The Children Of The Tobacco Fields

Tobacco and cigarettes have affected most people living in this day and age. You either smoke yourself, have friends that smoke, or are assailed by a puff of smoke while walking past someone exhaling on the side of the road. It is easy to know the smokings’ effects, as the health and second-hand smoke warnings are constantly pushed in our faces. However, while these warnings are constantly justified, they made it easier for us to forget about the other side of tobacco, which basically includes its production. In fact, the workers on tobacco farms, include a large number of children, who are exposed to health-threatening side effects from the exposure of the tobacco plant for hours on end.

The Food and Agriculture Organisation of the United Nations reported that China, Brazil, India, the United States, and Indonesia are considered as the five major tobacco producers in 2014. While most forms of agriculture production expose the workers to health risks such as pesticide exposure and musculoskeletal trauma (for example, Carpal Tunnel Syndrome); the farming of tobacco exposes the workers to far more serious risks such as acute nicotine poisoning. Nicotine poisoning occurs when nicotine is absorbed through the skin, and its symptoms include dizziness, vomiting, headache, muscle weakness and nausea.

As a result, tobacco farming presents serious health risks. This is most likely known by the individuals who are engaged in such work on a farm, which is similar to the workers of other dangerous jobs such as mining, and ice truck driving. But, what is the main problem now? It is basically the number of children that work on tobacco farms, as the risks associated with tobacco farming for adults are increased when it comes to children. For instance, acute nicotine poisoning can decrease a child’s well-being and enjoyment of life. The ECLT Foundation also stated that the health standards in the tobacco growing industry apply to adults and are not sufficient for youth and children, and the Human Rights Watch declared that teenagers are particularly vulnerable to the nicotine and pesticides that they are exposed to in this environment.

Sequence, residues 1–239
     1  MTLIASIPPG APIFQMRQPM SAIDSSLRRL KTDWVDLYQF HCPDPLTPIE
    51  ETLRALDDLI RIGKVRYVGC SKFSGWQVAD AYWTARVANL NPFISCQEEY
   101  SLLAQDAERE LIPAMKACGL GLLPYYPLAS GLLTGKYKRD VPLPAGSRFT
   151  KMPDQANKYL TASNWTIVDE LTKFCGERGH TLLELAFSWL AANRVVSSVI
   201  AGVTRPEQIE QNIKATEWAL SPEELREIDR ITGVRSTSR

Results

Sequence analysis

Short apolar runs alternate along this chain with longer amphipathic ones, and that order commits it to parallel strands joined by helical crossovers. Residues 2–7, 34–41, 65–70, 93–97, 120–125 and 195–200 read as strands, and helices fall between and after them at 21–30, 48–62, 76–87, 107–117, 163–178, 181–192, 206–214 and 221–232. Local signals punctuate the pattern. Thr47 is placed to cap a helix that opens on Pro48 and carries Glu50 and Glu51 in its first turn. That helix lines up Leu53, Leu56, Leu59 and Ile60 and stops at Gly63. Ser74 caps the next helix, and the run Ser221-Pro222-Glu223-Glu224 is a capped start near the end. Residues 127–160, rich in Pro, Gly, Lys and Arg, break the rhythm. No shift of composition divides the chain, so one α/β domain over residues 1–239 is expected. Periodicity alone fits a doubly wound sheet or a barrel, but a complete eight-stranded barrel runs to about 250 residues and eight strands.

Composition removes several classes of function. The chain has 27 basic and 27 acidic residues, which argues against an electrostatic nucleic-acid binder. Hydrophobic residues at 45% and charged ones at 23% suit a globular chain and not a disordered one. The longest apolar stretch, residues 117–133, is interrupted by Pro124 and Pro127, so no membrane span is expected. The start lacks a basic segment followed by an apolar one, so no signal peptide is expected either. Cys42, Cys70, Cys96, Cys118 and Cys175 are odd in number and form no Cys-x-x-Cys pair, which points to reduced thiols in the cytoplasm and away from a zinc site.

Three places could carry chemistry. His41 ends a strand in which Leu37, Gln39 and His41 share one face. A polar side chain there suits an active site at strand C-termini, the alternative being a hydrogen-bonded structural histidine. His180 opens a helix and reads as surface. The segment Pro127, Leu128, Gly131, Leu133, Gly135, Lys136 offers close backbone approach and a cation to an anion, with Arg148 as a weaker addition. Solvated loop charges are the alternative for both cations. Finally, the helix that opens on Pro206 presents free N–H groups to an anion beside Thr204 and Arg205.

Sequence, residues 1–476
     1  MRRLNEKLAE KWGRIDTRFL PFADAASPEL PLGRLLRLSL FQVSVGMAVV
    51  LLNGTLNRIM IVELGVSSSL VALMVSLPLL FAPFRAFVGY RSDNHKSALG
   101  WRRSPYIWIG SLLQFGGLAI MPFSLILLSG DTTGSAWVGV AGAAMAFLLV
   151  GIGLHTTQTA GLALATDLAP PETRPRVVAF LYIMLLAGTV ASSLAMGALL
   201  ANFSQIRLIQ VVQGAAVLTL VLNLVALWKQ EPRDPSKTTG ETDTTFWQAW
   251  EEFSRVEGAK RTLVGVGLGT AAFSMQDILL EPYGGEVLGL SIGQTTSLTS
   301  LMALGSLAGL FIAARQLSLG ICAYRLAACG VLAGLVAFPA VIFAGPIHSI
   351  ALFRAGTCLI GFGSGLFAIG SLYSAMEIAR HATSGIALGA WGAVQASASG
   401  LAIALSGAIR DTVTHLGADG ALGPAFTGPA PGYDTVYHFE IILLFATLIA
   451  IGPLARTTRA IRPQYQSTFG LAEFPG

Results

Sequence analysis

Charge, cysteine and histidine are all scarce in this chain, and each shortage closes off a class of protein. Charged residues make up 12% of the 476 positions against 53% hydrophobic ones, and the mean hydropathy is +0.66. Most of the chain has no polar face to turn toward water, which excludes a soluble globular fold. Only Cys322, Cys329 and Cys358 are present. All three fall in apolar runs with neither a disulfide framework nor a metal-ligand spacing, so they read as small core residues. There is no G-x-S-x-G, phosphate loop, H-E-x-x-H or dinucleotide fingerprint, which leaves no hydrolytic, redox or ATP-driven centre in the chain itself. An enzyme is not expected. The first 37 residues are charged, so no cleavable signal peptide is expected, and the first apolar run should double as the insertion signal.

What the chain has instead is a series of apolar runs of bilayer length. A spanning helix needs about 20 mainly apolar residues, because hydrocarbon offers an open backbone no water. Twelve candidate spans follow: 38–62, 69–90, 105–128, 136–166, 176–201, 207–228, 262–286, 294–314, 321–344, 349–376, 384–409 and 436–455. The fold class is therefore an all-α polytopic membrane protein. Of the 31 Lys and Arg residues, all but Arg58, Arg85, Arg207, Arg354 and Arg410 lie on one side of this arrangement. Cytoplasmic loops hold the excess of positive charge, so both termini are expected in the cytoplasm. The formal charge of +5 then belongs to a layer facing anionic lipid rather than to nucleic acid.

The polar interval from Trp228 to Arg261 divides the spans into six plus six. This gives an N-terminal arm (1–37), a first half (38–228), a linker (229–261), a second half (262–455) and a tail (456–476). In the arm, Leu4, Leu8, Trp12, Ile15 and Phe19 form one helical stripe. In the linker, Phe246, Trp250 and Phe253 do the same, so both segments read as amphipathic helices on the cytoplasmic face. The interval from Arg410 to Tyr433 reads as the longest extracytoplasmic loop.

The US National Library of Medicine Public Report of 2005, states that children play a huge role in tobacco farming in the United States, and the World Health Organisation reported that the use of children in tobacco production is widespread in China, Brazil, Indonesia, India and the United States, as mentioned before. In these countries, children are involved at every step of the tobacco cultivation process. The Human Rights Watch interviewed a 16-year-old girl who had been working on a tobacco farm in North Carolina, United States since she was 12. She mentioned that when she worked in the tobacco fields she got nausea, headaches, a constant feeling of needing to vomit, and a sore stomach. The Human Rights Watch have also published that tobacco growing is commonplace for children in Indonesia, and reported that vomiting and nausea affect these children badly.

The ECLT Foundation found that 57% of children from two tobacco growing districts in Malawi were involved with tobacco growing; and of these, 36% were undertaking tobacco-related work for more than 14 hours a week. This is defined as child labour, and while the majority of tobacco-growing farms around the globe abide by child labour laws, this is definitely a sub-issue of the tobacco industry. The World Health Organisation reported that 53,000 children in Brazil work on tobacco farms, and 14% of these children are younger than 14.

The risks to these children working in the tobacco fields are plentiful, and the side effects of this work could have a dangerous impact on their lives. It can hinder these children from getting an education, particularly in countries where the tobacco is considered as a  family business, as it produces pressures on children to drop school and help their families. The hazardous and often oppressive environment can threaten the child’s primary rights – the right to health, to education and their ability to develop physically and socially.

This article has demonstrated the number of children, who are involved in the tobacco industry, and the unfortunate risks that they are exposed to in this environment. These risks are plentiful, and in this respect, it is surprising that it is still legal to expose children to such environment. It is clear that the legality of such actions can depend on the involvement of each country, and the cultural aspects that apply. However, surprisingly, the United States was the fourth-largest producer of tobacco in 2014. For such a well-developed country, you would think these laws would be established purely for the well-being and protection of children.

Letitia Smith